For many people who have been working for some time, retirement accounts are large assets. Because these might be subject to division during divorce, it is important to understand the differences between different types of plans.
One of the main splits in retirement assets is Roth versus traditional. Most types of accounts can be either one format or the other.
Roth accounts, of which IRAs are among the most popular, use post-tax money. This allows people to withdraw from the plan after retirement without paying any more taxes. This means that all else being equal, one dollar in a Roth account is more valuable than one dollar in a traditional account.
The most familiar traditional retirement fund is the 401(k). These plans typically use an elective, tax-free deferral from an employee’s wages that an employer matches in whole or in part. In exchange for not paying taxes immediately, the employee must pay taxes when withdrawing from the plan during retirement.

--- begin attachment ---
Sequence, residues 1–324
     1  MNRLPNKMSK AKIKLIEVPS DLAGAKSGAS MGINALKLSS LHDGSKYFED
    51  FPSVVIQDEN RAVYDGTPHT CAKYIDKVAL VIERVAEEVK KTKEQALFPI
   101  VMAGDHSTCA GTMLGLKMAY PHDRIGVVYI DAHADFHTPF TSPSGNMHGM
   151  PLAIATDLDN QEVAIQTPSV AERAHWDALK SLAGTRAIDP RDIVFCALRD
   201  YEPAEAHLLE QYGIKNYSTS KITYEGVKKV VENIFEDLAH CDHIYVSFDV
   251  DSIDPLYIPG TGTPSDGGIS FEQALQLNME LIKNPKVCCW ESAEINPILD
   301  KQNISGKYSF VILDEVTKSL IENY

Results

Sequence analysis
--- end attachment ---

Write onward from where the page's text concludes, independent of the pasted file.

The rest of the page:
Dividing retirement accounts
Although the tax structure might be different, it is quite possible for a traditional and Roth plan to hold similar assets. In a hypothetical situation in which one spouse had a traditional 401(k) and the other had a Roth IRA, both with identical holdings and dollar values, it is likely that the couple would want to value the IRA higher than the 401(k) in the interest of reaching an equitable division of property.
Of course, asset division in the real world could be more complex than this. Fighting for a fair deal sometimes means coming prepared with the details.